If you’re looking for world-class mountain scenery in an area that doesn’t get a lot of attention, then head to the Tombstone Mountain Range in the Yukon Territory. Starting at KM 58.5 on the Dempster Highway, the three to five day backpacking trip takes you first to Grizzly Lake, and then to Divide and Talus Lakes. It’s a wild, desolate, truly memorable landscape.

This blog takes you as far as Grizzly Lake, a distance of 11.5 kilometres with an elevation gain of 797 metres (2,615 feet).

Grizzly Lake hike in the Tombstones, Yukon

The Tombstones have been called the Patagonia of the North – an apt title as you’ll see when you get close to the mountains. Named for one of the mountains that is the colour and shape of a tombstone, the granite pinnacles have been eroded over time and sculpted into rugged peaks. To reach them, you must hike through a challenging landscape that takes you up and down over lichen covered, talus slopes that can become extremely slick when wet. The landscape though, is extraordinary – and I can safely say like nowhere else you’ve seen.  Try to arrange your trip for  late August when the boreal forest and alpine meadows combine to deliver a rainbow of fall colours. But go prepared for cold temperatures and snow. I had both.

"Early views of the first day of our Tombstones backpacking trip"

Early views of the first day of our Tombstones backpacking trip

Plan ahead for your Grizzly Lake hike

You do need to reserve a backcountry campsite either online or in person – though you’re taking your chances if you just show up at the park office. Depending on what sort of hiker you are I would suggest the following itinerary – Grizzly Lake for the first night, Divide Lake for the next two nights (and that way you can visit Talus Lake as a day trip without a heavy pack) and then a walk out if you’re a strong hiker; otherwise, plan on another night at Grizzly Lake.

Everyone must take their food in a bear proof barrel – one that will fit in your backpack. At the mandatory orientation (offered at 9 AM, 11 AM, 1 PM and 4 PM) you are given a barrel in return for a $60 cash deposit. The only downside is that you must drive back to the Tombstone Interpretative Center at KM 71 to return it at the end of the hike.

At the campsites you’ll find outhouses, cooking shelters, more bear boxes, tent platforms and barrels for grey water disposal.

"Late August and the colours are at their peak"

Late August and the colours are at their peak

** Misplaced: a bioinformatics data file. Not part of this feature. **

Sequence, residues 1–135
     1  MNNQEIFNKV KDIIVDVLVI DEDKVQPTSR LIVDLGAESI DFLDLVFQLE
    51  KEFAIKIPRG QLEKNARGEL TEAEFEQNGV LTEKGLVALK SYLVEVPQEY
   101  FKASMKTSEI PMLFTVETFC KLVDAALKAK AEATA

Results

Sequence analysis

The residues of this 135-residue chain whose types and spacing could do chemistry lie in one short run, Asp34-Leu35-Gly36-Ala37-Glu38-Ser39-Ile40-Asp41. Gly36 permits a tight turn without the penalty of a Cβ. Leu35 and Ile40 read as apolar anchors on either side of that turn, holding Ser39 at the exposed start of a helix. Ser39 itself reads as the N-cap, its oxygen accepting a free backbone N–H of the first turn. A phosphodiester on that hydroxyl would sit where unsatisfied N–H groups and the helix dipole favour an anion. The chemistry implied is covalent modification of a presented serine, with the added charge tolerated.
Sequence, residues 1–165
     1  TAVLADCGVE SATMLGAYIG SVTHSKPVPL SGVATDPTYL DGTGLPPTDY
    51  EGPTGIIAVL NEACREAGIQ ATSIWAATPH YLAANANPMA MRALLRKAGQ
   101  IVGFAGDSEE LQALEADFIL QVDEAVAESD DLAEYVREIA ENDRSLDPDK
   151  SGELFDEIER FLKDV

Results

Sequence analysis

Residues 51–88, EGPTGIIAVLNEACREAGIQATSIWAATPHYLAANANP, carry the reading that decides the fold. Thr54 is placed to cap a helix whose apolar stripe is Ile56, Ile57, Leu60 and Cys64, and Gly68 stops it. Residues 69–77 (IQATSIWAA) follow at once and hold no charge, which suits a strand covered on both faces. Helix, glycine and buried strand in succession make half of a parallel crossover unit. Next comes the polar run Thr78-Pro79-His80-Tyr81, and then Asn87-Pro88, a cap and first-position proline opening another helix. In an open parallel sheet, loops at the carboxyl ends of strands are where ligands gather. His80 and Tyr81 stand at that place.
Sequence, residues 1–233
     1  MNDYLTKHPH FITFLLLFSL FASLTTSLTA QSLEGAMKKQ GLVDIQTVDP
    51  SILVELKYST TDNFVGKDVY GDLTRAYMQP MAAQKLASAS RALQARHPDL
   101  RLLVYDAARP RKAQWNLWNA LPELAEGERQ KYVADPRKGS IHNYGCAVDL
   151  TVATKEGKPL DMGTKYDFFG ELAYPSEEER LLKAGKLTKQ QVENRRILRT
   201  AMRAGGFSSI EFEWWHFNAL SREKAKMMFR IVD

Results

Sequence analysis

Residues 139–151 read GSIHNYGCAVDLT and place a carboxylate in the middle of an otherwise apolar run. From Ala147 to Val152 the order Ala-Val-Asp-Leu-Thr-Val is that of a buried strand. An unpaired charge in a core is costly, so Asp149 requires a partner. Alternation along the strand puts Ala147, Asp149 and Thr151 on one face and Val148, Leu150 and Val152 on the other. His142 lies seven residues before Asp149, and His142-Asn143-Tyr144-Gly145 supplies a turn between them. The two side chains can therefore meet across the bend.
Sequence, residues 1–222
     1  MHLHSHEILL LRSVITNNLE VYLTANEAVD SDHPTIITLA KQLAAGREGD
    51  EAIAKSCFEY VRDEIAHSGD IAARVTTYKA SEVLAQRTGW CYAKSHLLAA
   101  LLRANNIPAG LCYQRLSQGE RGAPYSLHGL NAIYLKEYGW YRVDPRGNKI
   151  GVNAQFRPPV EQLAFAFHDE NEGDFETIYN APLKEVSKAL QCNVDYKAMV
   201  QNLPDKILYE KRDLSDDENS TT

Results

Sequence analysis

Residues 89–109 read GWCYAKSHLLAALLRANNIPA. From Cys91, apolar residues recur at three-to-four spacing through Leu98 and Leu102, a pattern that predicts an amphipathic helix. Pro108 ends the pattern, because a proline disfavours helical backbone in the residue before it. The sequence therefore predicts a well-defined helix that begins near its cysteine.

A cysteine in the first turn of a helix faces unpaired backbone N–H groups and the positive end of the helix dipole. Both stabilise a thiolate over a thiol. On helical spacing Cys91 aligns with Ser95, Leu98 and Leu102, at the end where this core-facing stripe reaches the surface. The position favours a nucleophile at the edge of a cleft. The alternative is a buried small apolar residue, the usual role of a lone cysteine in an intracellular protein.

"Hiking past the lookout"

Hiking past the lookout

"Such contrast in colour between foliage and rock as we climb the ridge"

Such contrast in colour between foliage and rock as we climb the ridge

"Desolate but beautiful with only about a dozen people seen over the course of the day"

Desolate but beautiful with only about a dozen people seen over the course of the day

"Looking down one of the side valleys"

Looking down one of the side valleys

"People look small in this landscape"

People look small in this landscape

"First sighting ever of a wheatear"

First sighting ever of a wheatear for me

"Grizzly Lake in the distance"

Grizzly Lake in the distance

A quiet moment beside Grizzly Lake in the Tombstones

A quiet moment beside Grizzly Lake

"Tent sites are a tad muddy"

Tent sites are a tad muddy – mostly because it’s been a very wet summer

"Cooking shelters"

Cooking shelters make all the difference in bad conditions

"Fantastic setting even under cloudy skies"

Fantastic setting even under cloudy skies

"Reflection on Grizzly Lake"

Reflection on Grizzly Lake

I’d rank the backpacking trip to Grizzly Lake in the top five in Canada!

The people we met on the trip were either from Whitehorse or from Germany and Switzerland. I find it interesting that the hike is well known outside of Canada.

Although it’s not far to Grizzly Lake, count on it taking between 5 to 8 hours. It is an area with grizzlies but I didn’t even see so much as bear scat. Do carry bear spray. One nice feature the park offers is the ability to rent bear spray for a $12 deposit. Since you can’t fly with it, this is very helpful.

Backcountry campsites are $12/night. Thank you to Yukon Parks for comping my nights in the park.

If you’re a backpacker, this is one trip that deserves to be on your bucket list.

Other posts related to this trip you might find worthwhile:

A Hike to Grizzly Lake in the Tombstone Mountains

Leigh McAdam

Author of Discover Canada: 100 Inspiring Outdoor Adventures
Co-author of 125 Nature Hot Spots in Alberta
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